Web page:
Published by Bupa's Health Information Team, December 2011.
This factsheet is for people who have a hiatus hernia, or who would like information about it including the symptoms, causes and treatments.
A hiatus hernia is when part of the stomach slides upwards into the chest. It does this by pushing itself through a hole (called the hiatus) in the diaphragm muscle. Hiatus hernias are common, especially in people over 50, and symptoms aren’t usually serious.
Your stomach usually sits completely below your diaphragm – the sheet of muscle that separates your chest cavity (where your lungs are) from your abdomen (tummy).
The diaphragm has an opening that the oesophagus (the pipe that goes from your mouth to your stomach) passes through. This opening is called the hiatus. A hiatus hernia occurs when part of your stomach slides through the hiatus into your chest cavity.
Hiatus hernia is very common – three in 10 people over 50 will get it. However, it’s likely that this number may be higher because many people with a hiatus hernia have very mild symptoms or none at all, and may not realise that they have the condition.
This is the most common type, affecting eight out of 10 people with a hiatus hernia. In a sliding hiatus hernia, the junction between the oesophagus and the stomach (known as the gastro-oesophageal sphincter), as well as a portion of the stomach itself, slides up above the diaphragm.
This type (also know as a para-oesophageal hernia) is much less common, affecting only two out of 10 people with a hiatus hernia. Your gastro-oesophageal junction stays in its usual place in the abdomen below the diaphragm, but a portion of your stomach goes through the diaphragm and lies beside the oesophagus.
Often, a hiatus hernia won’t cause any symptoms. If you do get any symptoms, they aren’t likely to be serious. The most common is heartburn, which causes a warm or burning sensation in your chest. You’re more likely to have this feeling after meals. Severe heartburn that goes on for a long time is called gastro-oesophageal reflux disease (GORD). This is a common condition where the acidic contents of your stomach flow backwards (reflux) into your oesophagus. This occurs with a sliding hiatus hernia but not a rolling type. It’s possible to have reflux without having a hiatus hernia and vice versa.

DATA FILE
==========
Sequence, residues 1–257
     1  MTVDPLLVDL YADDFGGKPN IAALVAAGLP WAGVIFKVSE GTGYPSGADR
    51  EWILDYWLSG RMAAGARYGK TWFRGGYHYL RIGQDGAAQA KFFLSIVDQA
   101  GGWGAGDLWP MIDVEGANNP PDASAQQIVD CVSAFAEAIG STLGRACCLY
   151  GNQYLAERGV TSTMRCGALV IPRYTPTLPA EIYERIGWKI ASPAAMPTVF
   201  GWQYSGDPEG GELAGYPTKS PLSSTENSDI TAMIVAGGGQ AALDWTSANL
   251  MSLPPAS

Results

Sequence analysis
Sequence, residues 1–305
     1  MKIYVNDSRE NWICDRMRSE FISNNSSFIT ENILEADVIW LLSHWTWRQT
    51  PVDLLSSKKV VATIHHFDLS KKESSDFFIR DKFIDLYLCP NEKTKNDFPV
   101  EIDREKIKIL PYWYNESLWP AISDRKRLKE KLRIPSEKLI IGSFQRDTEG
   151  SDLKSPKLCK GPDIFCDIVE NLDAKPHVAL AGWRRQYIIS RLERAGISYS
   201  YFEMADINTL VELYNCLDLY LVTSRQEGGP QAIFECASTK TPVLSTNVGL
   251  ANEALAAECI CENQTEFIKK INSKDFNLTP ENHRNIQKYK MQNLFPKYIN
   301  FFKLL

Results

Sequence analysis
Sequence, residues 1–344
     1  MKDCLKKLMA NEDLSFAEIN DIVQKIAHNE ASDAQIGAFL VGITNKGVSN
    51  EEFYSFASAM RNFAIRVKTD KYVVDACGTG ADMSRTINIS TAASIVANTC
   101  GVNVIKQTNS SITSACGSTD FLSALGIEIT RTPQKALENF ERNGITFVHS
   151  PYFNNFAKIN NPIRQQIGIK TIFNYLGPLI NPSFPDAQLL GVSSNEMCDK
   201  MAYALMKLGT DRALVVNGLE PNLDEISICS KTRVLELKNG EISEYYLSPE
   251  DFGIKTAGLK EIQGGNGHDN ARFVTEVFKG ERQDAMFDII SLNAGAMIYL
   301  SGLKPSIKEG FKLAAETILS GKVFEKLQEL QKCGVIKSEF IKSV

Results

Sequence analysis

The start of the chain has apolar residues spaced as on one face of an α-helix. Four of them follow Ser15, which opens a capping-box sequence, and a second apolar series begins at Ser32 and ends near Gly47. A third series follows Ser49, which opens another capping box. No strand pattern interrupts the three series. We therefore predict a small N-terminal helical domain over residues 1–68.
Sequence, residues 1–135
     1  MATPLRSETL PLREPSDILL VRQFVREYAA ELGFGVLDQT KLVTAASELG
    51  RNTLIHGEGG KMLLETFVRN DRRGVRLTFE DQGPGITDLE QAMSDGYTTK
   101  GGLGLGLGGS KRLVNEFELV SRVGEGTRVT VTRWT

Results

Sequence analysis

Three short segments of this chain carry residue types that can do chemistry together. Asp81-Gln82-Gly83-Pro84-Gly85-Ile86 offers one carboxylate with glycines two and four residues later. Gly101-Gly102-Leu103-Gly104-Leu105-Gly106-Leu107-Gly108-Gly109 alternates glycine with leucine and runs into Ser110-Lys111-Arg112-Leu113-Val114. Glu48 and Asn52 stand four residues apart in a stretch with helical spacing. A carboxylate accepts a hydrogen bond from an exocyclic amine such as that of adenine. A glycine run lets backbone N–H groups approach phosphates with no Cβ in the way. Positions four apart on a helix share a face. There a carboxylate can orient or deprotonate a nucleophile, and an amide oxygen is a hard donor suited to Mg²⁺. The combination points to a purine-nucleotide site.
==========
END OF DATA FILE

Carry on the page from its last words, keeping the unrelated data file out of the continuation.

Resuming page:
Other symptoms of a hiatus hernia include:
You might develop a strained, hoarse voice or asthma symptoms from inhaling regurgitated stomach acid, particularly when you’re asleep. Leaning forward, straining or lifting heavy objects can make your symptoms worse, as does being pregnant.
Occasionally, a hiatus hernia can lead to more serious problems. The oesophagus can sometimes become damaged by the acidic contents from your stomach. This happens because a sliding hiatus hernia acts as a trap for any reflux. This allows the acidic fluid to come into contact with your oesophagus.
This damage can sometimes lead to ulcers on the lining of your oesophagus, which may bleed. A bleeding ulcer can sometimes lead to anaemia, a condition where there is not enough haemoglobin (the substance that carries oxygen around your body) in the blood. You’re more likely to develop anaemia if you have a condition that means you have to stay in bed for long periods of time or take non-steroidal anti-inflammatory drugs (NSAIDs). You might vomit blood if you have a bleeding ulcer. If you see blood in your vomit, seek medical attention immediately.
Another complication of reflux caused by a sliding hiatus hernia is scarring and a narrowing (known as a stricture) at the lower end of the oesophagus, which causes food to stick. Acid regurgitation can also lead to Barrett's oesophagus where abnormal cells develop on the inner lining of the lower part of the oesophagus. Barrett’s oesophagus can cause ongoing heartburn, indigestion, vomiting and difficulty swallowing food due to the reflux, although you may not have any symptoms.
A rolling hiatus hernia can sometimes get trapped or pinched by the diaphragm, which means the blood supply to it may be cut off. This is called a strangulated hernia, which can be very painful. If this happens, you will probably need to have an operation immediately to treat it.